Female promiscuity was highly taboo.
Sex is very difficult to speak with authority about even in contemporary times because it's always going on in the background, but no one truly knows the habits of other people. As Prince George said, "Sex is like socks: tons of it about but I can never find any." (Blackadder)
So yeah, basically we don't know, but the few examples that have survived 2,000 years can't tell us a great deal. Imagine trying to extrapolate the sexual habits of western people by examining Trump, Biden, Johnson, Merkel ... *shrug*!
Only about 5% of women in the western world are virgins at marriage today. In ancient Rome, it is likely that the number was close to 100%.
But while the Romans had extreme aversion to female promiscuity, they were not always prudes. Drawings and sculptures of pensises were common as a good luck charm. Furthermore, certain forms of male sexuality were considered acceptable. (Although nothing like today).
Imagine knowing close to zero about 95% of women today, and only knowing a small amount about the most prominent women - and all of that told by men. You might just as confidently assert that close to 100% of women today are virgins at marriage.
Remember, the vast majority of what survives from ancient Rome has nothing to do with the lives of ordinary people. What does survive that deals with the lives of ordinary people, especially from sites like Pompeii, suggests nothing more and nothing less than normal people going about their normal lives.
For example, you could say "we don't know for sure that regular peasants in the Middle Ages didn't like to dress up like chickens and go around clucking for fun". But there is no reason to think that they did.
The same for the Romans. While it's impossible to prove a universal negative, the simplest explanation is that the surviving literature and laws from the time are an accurate representation of the culture.
Finally, from a common sense standpoint, prior to birth control, promiscuity was much more difficult due to the likelihood of getting pregnant.
In any case, I'm glad we can both agree that the question is correctly worded and accurate. :)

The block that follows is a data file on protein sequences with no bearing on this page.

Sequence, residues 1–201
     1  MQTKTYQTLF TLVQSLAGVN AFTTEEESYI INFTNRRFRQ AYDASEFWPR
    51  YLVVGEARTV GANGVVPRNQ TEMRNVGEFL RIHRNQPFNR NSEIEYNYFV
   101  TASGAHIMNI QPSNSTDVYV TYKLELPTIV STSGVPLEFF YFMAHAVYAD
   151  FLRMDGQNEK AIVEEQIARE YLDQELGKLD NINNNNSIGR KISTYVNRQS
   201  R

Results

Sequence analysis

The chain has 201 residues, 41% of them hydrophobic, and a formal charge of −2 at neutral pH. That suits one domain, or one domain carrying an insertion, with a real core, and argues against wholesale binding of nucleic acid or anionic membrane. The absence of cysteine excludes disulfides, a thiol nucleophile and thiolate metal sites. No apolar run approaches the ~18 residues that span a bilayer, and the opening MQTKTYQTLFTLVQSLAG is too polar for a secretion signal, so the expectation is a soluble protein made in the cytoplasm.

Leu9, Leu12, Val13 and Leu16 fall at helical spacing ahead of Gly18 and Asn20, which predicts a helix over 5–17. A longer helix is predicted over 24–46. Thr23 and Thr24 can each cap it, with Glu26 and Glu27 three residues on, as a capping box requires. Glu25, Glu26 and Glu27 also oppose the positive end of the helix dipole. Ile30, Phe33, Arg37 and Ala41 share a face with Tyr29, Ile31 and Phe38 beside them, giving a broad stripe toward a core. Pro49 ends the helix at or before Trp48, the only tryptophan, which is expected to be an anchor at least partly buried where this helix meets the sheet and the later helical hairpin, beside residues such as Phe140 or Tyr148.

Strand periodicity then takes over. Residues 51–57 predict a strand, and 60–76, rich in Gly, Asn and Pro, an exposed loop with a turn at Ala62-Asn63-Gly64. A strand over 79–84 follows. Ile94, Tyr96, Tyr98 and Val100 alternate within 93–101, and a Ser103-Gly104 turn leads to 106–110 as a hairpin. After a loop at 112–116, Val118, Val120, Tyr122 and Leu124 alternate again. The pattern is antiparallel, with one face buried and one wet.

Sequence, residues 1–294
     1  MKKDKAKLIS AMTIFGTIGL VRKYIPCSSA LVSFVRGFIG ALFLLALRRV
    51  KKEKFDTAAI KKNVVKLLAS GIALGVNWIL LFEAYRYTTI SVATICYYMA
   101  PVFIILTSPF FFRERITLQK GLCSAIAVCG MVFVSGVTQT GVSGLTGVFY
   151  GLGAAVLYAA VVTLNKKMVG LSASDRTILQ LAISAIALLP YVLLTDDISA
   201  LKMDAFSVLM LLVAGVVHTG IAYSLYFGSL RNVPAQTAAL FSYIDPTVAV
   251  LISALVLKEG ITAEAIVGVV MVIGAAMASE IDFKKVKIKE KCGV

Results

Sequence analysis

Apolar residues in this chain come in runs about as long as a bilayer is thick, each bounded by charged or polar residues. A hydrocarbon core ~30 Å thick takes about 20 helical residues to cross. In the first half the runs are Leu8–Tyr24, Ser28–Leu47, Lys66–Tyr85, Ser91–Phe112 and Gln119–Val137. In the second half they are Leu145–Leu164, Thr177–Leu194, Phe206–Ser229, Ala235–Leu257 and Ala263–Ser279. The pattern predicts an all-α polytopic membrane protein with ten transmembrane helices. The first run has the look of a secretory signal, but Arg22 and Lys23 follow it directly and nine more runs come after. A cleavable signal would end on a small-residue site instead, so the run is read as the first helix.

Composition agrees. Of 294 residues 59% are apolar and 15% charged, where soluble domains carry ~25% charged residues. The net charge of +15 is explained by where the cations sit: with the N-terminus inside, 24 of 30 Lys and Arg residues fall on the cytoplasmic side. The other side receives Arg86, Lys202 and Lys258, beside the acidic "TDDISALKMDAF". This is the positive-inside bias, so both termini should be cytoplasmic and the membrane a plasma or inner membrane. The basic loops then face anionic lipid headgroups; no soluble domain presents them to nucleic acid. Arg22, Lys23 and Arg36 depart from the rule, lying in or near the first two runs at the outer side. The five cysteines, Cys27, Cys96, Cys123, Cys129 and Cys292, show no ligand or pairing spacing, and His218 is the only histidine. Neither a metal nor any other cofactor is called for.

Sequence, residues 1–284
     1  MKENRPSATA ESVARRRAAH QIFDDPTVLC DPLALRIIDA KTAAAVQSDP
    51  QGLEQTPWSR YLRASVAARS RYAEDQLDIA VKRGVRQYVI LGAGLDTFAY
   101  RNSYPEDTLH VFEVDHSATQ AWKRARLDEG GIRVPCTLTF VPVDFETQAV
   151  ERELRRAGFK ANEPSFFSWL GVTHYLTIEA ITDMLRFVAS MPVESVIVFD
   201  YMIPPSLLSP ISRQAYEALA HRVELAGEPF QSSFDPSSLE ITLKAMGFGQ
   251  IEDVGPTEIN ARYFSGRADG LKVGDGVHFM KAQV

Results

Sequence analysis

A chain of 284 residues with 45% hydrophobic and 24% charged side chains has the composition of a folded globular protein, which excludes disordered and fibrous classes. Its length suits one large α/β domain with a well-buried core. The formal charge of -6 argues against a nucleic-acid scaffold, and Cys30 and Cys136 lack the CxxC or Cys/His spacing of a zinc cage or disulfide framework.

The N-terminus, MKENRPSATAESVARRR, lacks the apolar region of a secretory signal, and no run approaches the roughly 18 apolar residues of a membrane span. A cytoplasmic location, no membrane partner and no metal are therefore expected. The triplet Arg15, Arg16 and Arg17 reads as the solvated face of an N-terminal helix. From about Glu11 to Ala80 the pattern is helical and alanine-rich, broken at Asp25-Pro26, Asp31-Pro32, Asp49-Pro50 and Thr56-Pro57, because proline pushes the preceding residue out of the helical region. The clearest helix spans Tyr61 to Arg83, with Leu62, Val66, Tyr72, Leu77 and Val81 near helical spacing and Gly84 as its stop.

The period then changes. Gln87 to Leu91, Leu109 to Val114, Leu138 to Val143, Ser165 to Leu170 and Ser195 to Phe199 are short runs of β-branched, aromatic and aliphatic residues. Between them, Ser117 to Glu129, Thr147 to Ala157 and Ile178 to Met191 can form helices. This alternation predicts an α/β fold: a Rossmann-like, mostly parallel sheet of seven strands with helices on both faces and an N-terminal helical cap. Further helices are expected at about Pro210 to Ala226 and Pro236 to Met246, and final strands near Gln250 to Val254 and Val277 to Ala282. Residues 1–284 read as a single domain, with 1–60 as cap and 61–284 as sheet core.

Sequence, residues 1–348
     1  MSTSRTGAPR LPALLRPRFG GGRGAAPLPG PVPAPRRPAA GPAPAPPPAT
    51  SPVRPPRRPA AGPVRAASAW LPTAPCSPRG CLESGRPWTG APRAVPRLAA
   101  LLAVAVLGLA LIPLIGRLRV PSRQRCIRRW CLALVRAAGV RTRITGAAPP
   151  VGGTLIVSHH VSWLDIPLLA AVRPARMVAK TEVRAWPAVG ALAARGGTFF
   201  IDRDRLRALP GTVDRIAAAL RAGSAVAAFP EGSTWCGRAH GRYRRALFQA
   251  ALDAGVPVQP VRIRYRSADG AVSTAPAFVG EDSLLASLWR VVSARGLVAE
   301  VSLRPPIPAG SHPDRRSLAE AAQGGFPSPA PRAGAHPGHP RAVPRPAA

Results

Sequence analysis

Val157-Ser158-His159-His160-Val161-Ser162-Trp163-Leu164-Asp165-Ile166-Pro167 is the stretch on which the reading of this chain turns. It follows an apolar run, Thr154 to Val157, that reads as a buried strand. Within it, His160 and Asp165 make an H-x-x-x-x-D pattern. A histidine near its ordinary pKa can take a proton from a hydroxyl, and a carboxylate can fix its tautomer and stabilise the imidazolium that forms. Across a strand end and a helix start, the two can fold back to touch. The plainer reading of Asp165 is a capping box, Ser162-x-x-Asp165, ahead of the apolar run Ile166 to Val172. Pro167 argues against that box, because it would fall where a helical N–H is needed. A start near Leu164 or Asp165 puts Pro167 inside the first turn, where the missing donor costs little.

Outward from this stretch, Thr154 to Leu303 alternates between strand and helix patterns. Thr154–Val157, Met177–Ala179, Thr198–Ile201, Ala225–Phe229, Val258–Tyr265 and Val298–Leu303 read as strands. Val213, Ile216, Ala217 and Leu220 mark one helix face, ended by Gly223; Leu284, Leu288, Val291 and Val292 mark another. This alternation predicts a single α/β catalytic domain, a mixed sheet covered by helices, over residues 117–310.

But, promiscuity has been seen widely throughout the history of our world, and chicken costumes haven't.
"if everything that we DO know about the ancient Romans suggests an extreme aversion to female promiscuity..." - I don't agree at all that it does. I would suggest that this idea comes from trying to extrapolate the experience of 99% of women from what men have told us about 1% of them.
The little we do know of daily life in ancient Rome (a very blurry term in itself) suggests a culture comfortable with sex in its midst. Taboo, yes. Naughty, certainly. Discouraged, absolutely. Common, why not?
And to wax pedantic briefly -- by way of giving another argument -- Roman legal frameworks, including licensing, did in practice accept and encourage promiscuity in sex workers including 'meretrices'.
If a Roman woman can be policed & denigrated for having sex in the wrong way, or for being a slave, or having a uterus, a high voice, or just for being a woman...and if a Roman man is policed & denigrated for exhibiting 'women-like' qualities, we must carefully consider the nuances of the past power relations we're trying to understand.
Or is the question just asking re: general commission of sexual transgression? (I mean, transgressions aren't generally condoned, kind of their point ;)
It sounds like you understand well the relations of Roman men and women.
As I'm sure you know, virginity was absolutely paramount for any women looking to maintain respectability in Roman society. Contrast that to today where, in the West, people of both genders are expected and even encouraged to sexually experiment before marriage. I'm sure you know this of course.
"What about the Bronze Age? There wasn’t any bronze in Australia. The Hellenistic period? Huge swathes of the Earth’s land area remained un-Hellenized. The Time of Troubles? Actually, outside of Russia there were no more troubles than usual. The Era of Good Feelings? Maybe there were a bunch of bad feelings not in the US.
Every other historical age name is instantly understood by everyone to refer to both a time and a place. The only time anyone ever gives anybody else grief over this is when they talk about the Dark Ages. This is an isolated demand for rigor. And if this is really your true objection, let’s just agree to call it the Western European Dark Ages, as long as we can also agree it existed and was bad."
I mean, it's not exactly hard.
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